“I was crouched down over the wheel, checking my mirrors constantly. It felt like the whole world was trying to prevent me from getting this one baby, my baby, safely to the other side of town.”

The image of my friend, her hair all in disarray, her shirt stained with baby spit up, hunched down over the steering wheel of her car, fearing that she and the baby could be flattened at any moment just like the Frogger frog, as she navigated the placid roads of her suburban town, cracked me up and made me feel for her.

But also? The Frogger Effect started me thinking about motherhood can seem like a constant task of delivering one child, your child, to the next point of safety in a dangerous, fast-moving world.

From those first anxiety-filled weeks, from one developmental milestone to the next, making sure your child gets what he needs—the right nutrients, the right toys to stimulate her brain, the safe surfaces to crawl on, the right shoes to support his feet as he starts to wobble and walk. Then into toddlerhood, and gradeschool, and middle school, and beyond… Day by day, year by year, overflowing with love and stress, trying to ensure this child gets to the next secure place. Trying to anticipate and neutralize the unpredictable objects whizzing by on the screen.

There is a way in which motherhood—parenthood—all too often does feel like an extended game of Frogger.

It’s a real frame, but an isolating one.

Motherhood bonds us each to our own. It provokes the deepest sense of commitment many of us will ever feel—a commitment to ensuring our unique, irreplaceable children, make it through the maze of obstacles and threats we understand the world to be.

However, it also has the capacity to bind us to something greater, to universal cycles of birth and love and growth, to the near-universal urgency of wanting one’s children to survive and flourish—and the near-universal sense of pain when they are in jeopardy.

These qualities are not limited to the human world. Elephant babies walk underneath their mothers until they are big enough to walk in the herd without being trampled. Mothers touch their babies over and over with their trunks as they travel, reassuring them, keeping them on track. They nurse their children for several years, and tend them closely until they are teens. The mother-child bond can last for decades, and an elephant mother whose baby dies will trail behind the herd, grieving her loss.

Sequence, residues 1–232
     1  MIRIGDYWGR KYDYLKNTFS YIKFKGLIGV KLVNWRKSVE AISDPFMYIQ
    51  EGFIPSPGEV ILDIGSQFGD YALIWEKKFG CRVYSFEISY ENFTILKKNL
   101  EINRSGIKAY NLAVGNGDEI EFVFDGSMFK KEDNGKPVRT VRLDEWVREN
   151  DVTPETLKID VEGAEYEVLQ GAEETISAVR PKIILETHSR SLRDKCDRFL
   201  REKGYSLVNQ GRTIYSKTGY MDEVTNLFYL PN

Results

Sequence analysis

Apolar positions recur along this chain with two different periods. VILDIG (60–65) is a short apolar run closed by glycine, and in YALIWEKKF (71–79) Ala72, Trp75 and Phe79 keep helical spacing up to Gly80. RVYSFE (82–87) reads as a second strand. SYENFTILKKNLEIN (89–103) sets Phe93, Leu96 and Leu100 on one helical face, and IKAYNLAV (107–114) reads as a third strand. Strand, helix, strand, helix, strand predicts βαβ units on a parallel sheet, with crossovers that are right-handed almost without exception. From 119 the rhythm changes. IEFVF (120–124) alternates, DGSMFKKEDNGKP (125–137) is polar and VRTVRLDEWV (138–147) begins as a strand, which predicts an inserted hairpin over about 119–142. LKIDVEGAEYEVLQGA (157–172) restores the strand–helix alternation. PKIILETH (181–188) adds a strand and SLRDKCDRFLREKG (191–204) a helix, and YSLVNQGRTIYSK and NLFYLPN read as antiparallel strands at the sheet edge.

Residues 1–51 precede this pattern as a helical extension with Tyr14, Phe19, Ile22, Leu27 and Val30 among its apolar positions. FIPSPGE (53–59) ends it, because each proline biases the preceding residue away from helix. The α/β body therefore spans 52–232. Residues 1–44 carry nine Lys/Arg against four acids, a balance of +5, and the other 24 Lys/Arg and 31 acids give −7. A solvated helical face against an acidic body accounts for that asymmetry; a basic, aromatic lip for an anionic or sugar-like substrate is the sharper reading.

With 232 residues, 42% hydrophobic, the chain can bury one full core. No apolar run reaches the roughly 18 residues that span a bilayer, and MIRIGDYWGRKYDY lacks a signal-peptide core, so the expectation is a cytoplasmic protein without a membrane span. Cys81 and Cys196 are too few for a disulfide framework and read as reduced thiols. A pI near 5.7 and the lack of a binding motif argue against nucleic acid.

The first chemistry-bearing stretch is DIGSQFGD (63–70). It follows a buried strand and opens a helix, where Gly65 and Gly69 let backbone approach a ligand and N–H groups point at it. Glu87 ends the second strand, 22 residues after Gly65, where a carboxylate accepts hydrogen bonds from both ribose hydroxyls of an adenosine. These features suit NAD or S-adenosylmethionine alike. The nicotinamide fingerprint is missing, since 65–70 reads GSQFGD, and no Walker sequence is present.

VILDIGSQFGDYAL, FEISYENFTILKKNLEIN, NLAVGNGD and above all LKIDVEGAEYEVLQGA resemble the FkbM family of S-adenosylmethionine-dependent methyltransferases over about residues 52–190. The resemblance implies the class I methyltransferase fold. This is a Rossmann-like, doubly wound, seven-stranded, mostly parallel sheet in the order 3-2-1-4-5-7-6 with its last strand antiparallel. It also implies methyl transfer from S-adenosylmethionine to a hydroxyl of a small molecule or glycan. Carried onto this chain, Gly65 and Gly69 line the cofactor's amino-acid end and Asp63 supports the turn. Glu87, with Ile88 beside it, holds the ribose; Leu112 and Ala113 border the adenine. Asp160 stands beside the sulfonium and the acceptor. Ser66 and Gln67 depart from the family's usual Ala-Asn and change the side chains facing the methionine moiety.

3 Generations. (Mt. Prospect, IL, May 1968)

“Honor thy father and mother” is the Fifth of the Ten Commandments. As a Unitarian Universalist minister, I am not often caught citing the Book of Exodus. But the Commandments are a fundamental expression of the attempt to order the world—and it is noteworthy that honor thy father and mother takes spot Number 5.

The first four commandments speak to humans’ duties before God: affirming God’s greatness, establishing God’s singularity; forbidding idolatry; and sanctifying the Sabbath.

Commandments six through ten tell us how to behave toward one another: no murdering; no adultery; no stealing; no lying; no coveting.

There in the swing position, in spot number 5, is honor thy father and mother. The implication seems to be that Commandment Five is both about honoring our unique, individual parents, and honoring God as the parent above all parents. It refers to the particular and universal, the earthly and the divine.

This bit of ancient wisdom is worth remembering on Mother’s Day, though perhaps with a more modern, less patriarchal rendering: behind our individual families are infinitely larger forms of connectedness and belonging.

To truly deliver our children to the next safe space, to truly vouchsafe their futures, we need to care for the fates of children in ever wider circles, to build a world where justice and health and safety and opportunity are the norm.

To truly honor our mothers, we need to honor mothers everywhere, to recognize their own hopes for their children and recognize their particular sources of grief.

We need to honor the elemental forces that give life and call out the fiercest feelings of love and devotion that any of the species seem to know.

(Portland, ME, October 2010)